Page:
Thousands of individuals, existing manufacturing companies, private equities and family offices are all hunting for the same thing – an enduringly profitable manufacturing business. In this article, I’ll share an inside secret to finding that perfect manufacturing acquisition and how to beat the competition.
What Most Buyers Say They’re Looking For
As an M&A professional specializing in the sale of manufacturing companies nationally, my office receives hundreds of inquiries each month from people in the above categories trying to find that perfect business for sale.
Interestingly, their calls and emails all sound the same. Here’s what they typically say:
- We’re different than other acquirers
- We buy to build and hold
- We want a company generating between $1M to $5M in EBITDA
- We like strong gross margins
- We like companies with recurring revenue
- We don’t like heavy sector or customer concentration
- We want a company with standard operating procedures in place
- There should be strong managers in place
- We prefer that the acquisition target has reviewed or audited financials.
The more of the above qualities a manufacturing company has, the more competition there is for the purchase. Seriously, when all the above is in place, I can sell the company to anybody. So, of the hundreds of people who reach out every month to find the dream acquisition, why should I pick you? Oh wait, I forgot, YOU’RE different.
I hate to break it to you, but you’re not that different. Your competition is saying the same thing to me, my staff, and every other M&A professional throughout the nation. So how does one find an enduringly profitable manufacturing business and be lucky enough to beat the competition?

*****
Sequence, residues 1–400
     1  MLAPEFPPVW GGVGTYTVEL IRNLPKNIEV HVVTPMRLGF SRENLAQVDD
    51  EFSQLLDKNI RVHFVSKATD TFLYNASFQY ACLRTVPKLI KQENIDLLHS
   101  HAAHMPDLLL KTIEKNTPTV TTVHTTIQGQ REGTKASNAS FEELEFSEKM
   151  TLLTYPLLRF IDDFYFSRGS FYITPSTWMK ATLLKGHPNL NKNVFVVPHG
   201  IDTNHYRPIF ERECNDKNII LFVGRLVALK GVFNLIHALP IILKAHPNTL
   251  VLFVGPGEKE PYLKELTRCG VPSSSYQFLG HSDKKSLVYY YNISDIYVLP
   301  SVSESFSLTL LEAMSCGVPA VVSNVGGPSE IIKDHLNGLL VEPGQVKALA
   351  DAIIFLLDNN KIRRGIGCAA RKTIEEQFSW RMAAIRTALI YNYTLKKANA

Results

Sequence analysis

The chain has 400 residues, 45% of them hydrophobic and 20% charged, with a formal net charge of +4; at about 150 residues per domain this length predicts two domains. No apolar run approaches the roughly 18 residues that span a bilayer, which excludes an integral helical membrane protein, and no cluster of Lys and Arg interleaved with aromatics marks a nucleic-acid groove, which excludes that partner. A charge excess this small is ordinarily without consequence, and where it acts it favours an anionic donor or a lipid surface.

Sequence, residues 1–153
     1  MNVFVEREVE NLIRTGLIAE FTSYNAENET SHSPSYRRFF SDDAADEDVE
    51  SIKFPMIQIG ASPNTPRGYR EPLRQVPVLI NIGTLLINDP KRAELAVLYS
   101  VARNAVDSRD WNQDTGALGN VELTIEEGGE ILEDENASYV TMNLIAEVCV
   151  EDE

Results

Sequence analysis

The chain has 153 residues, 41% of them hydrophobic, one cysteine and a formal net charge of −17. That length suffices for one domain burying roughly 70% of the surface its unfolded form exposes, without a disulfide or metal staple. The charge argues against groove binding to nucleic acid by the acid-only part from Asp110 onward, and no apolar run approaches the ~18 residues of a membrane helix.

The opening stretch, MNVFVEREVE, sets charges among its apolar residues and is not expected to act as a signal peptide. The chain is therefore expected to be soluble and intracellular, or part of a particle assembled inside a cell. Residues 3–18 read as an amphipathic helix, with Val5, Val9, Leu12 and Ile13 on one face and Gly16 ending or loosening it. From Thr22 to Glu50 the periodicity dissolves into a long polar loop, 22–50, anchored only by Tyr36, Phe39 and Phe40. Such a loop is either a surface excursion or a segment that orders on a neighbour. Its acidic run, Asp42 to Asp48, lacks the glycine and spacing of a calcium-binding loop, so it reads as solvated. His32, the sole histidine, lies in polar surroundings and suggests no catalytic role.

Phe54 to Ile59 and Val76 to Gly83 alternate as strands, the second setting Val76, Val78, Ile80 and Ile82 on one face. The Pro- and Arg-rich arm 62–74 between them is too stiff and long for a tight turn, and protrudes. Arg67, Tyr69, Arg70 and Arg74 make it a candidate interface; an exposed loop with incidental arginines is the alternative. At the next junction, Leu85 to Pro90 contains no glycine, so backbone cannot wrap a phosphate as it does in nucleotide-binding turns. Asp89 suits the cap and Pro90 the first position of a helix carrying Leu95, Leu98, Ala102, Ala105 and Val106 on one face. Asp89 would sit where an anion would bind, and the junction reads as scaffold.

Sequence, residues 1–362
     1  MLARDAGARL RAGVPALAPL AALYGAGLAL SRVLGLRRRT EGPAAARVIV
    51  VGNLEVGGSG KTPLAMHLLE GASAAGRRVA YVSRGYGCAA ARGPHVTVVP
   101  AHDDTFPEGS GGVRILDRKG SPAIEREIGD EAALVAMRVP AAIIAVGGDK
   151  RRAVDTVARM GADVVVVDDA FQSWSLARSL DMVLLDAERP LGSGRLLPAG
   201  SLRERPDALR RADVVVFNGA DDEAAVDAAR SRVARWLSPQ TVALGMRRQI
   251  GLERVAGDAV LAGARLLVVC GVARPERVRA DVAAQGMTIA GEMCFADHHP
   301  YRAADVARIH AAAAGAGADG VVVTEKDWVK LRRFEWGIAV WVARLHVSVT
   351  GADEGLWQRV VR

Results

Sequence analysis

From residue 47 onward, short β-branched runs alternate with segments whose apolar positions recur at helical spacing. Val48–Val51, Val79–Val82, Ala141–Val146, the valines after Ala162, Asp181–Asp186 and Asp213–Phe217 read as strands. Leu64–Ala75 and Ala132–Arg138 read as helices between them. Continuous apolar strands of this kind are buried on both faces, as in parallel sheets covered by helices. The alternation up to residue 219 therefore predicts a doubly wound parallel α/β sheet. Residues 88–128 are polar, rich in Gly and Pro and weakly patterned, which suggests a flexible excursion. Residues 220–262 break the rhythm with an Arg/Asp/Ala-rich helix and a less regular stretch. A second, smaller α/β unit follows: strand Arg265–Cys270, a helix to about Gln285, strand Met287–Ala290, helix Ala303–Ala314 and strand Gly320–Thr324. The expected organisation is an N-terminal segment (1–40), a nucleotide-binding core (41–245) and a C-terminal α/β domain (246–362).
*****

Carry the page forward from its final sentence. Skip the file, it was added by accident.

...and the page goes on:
Many Buyers Overlook These Companies
Lower or micro middle-market manufacturing companies at this juncture in history are mostly founder-led or family-run. Many potential acquirers seek companies in the upper end of the $1M-$5M EBITDA range because they think the other qualifications they seek don’t exist in the smaller companies. That’s simply not true. We’ve sold companies in the lower range who had incredible systems in place, a deep bench of qualified managers, skilled workers, healthy margins, sales in an upward trajectory, and little to no dependence on the founder or Seller.
Just as there is a commonality among buyers, there’s a commonality in certain characteristics of family-run manufacturing companies. Most do not have reviewed or audited financials. This is especially so with companies that don’t have debt on the books; there’s no one but themselves to answer to, so why go through the expense? Perhaps they should consider reviewed or audited financials in preparation for sale, but here’s a little statistical nugget. Most retiring manufacturers don’t spend a lot of time planning for their exit. This has been evidenced in the last few years of the quarterly Market Pulse Report.
Diamonds In The Rough Require a Little Digging
This article is sparked by my recent conversation with the founder of a recently-formed private equity. Ted asked what I would recommend and how to deal with this issue. Digging through an unaudited or unreviewed financial statement is time-consuming and costly. Here was my advice. Before you disagree with what I’m going to say, hear the complete explanation. My advice to Ted was to view the exercise as the cost of doing business. Is that nuts? I don’t think so, here’s why. You can easily vet on all the other fundamentals without spending a lot of time or money. In that process, you’ll start to see flaws. If after considering the flaws the basics are still good, keep moving forward, because you have likely found an enduringly profitable manufacturing business.